NASA should once again turn its attention to those missions and those challenges that it is uniquely capable of completing. When a task becomes repetitive and common--such as the conduct of parabolic flight campaigns or the resupply of ISS--NASA should look to pass on those responsibilities to private industry, freeing NASA's attention once more to look beyond the horizon.
Leverage Incentive Prizes
Incentive prizes have a lengthy track record of enabling radical breakthroughs for very low costs. Governments have long been the beneficiaries of the work done to win incentive prizes, from the Longitude Prize of the 1700s to the contemporary Northrop Grumman Lunar Lander Challenge and DARPA Grand Challenges. Additionally, NASA and its peer agencies can benefit even from prizes offered by external bodies, by becoming customers of the products and services that emerge from the prize competitors.
NASA should proactively seek to benefit from incentive prizes, both by offering prizes of its own and by seeking to actively engage in commerce with the teams who compete for and win prizes offered by others. To do so, NASA should supplement the prize purse funds available to Centennial Challenges, and should allow for the creation of larger value prizes such as competitions for suborbital point-to-point spaceflight, asteroid detection, end beamed power launching systems. Additionally, NASA should begin identifying both areas of need and contractual mechanisms needed to benefit from private companies participating in prizes such as the Google Lunar X PRIZE. Finally, NASA should seek out ways to benefit from and strengthen existing prizes such as the Google Lunar X PRIZE by funding related educational programs, prize purses, or other associated programs.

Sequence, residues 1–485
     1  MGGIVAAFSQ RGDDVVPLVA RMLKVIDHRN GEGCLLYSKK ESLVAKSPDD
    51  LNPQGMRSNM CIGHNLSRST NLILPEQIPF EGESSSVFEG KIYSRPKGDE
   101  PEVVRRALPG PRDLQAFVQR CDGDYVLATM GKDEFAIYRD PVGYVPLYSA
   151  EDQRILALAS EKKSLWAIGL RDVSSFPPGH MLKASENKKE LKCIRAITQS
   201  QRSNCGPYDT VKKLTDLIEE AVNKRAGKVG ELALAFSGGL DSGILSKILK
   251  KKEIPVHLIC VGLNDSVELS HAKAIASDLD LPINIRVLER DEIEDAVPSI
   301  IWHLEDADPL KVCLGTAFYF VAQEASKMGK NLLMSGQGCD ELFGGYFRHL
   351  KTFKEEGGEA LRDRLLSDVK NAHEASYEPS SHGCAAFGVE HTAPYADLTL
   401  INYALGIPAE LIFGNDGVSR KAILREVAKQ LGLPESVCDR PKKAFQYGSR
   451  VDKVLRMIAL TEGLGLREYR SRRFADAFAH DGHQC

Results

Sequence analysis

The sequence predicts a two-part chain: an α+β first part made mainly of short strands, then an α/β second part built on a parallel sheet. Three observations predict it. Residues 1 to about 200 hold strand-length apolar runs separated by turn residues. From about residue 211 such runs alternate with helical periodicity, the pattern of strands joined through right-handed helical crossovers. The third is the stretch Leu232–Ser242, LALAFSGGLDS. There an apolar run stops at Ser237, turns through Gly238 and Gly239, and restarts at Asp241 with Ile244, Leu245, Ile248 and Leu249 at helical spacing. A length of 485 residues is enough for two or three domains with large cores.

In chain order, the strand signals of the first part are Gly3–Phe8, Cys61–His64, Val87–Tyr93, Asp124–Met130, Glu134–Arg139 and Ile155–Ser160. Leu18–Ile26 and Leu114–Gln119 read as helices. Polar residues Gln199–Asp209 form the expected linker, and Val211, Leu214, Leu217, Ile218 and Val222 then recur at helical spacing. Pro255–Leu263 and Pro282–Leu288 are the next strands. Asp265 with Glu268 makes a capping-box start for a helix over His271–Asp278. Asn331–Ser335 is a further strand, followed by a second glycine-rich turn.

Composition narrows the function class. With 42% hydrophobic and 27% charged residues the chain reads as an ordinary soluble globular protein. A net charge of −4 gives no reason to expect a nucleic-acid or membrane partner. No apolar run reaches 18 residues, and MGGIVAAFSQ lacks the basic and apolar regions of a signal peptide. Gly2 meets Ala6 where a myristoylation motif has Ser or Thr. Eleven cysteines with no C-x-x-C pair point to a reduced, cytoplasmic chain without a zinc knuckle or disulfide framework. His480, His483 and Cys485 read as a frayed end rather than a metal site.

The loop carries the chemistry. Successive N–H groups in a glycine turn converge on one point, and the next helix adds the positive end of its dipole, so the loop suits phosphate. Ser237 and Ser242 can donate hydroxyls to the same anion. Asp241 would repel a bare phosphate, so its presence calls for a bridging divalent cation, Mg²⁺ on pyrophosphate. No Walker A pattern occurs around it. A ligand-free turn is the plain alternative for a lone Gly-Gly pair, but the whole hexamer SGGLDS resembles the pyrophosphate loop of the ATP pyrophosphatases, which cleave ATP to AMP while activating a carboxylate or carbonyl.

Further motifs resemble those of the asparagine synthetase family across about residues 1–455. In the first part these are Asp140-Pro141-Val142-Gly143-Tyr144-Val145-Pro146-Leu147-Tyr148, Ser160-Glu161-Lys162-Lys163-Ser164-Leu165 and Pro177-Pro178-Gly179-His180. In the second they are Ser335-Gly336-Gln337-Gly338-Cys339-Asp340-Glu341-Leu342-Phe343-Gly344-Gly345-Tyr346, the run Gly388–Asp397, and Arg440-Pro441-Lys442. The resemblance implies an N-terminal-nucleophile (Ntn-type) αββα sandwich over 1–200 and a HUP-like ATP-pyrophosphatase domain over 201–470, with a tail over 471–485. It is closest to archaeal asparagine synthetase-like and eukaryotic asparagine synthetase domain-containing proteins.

Inspire the Nation, and the World
In the Apollo era, NASA benefited from a positive feedback loop wherein public attention and support drove NASA success, which in turn amplified public support. Recently, though, NASA has struggled to command the attention of the public except ofentimes the case of failures and disasters, when such attention can even be counterproductive. This need not be the case, though--NASA's missions and accomplishments are still exciting and worthy. To re-establish this support is not merely a matter of better public relations; instead, it is a matter of increasing and demonstrating relevancy, and of genuinely inspiring and galvanizing the public.
In all of its activities, NASA should be aware of the needs of its "customer"--the American public. Key to this improvement is the message itself. NASA's vision of space science and exploration and its relevance to the nation and the future must be clearly expressed in multiple media around a variety of opportunities. The public needs to know how effectively and efficiently NASA is achieving those goals. Through the improved use of key tools such as NASA TV--and through the increased implementation of recent online activities such as Twittering spacecraft--NASA must better convey the importance and the significance of its missions to the public.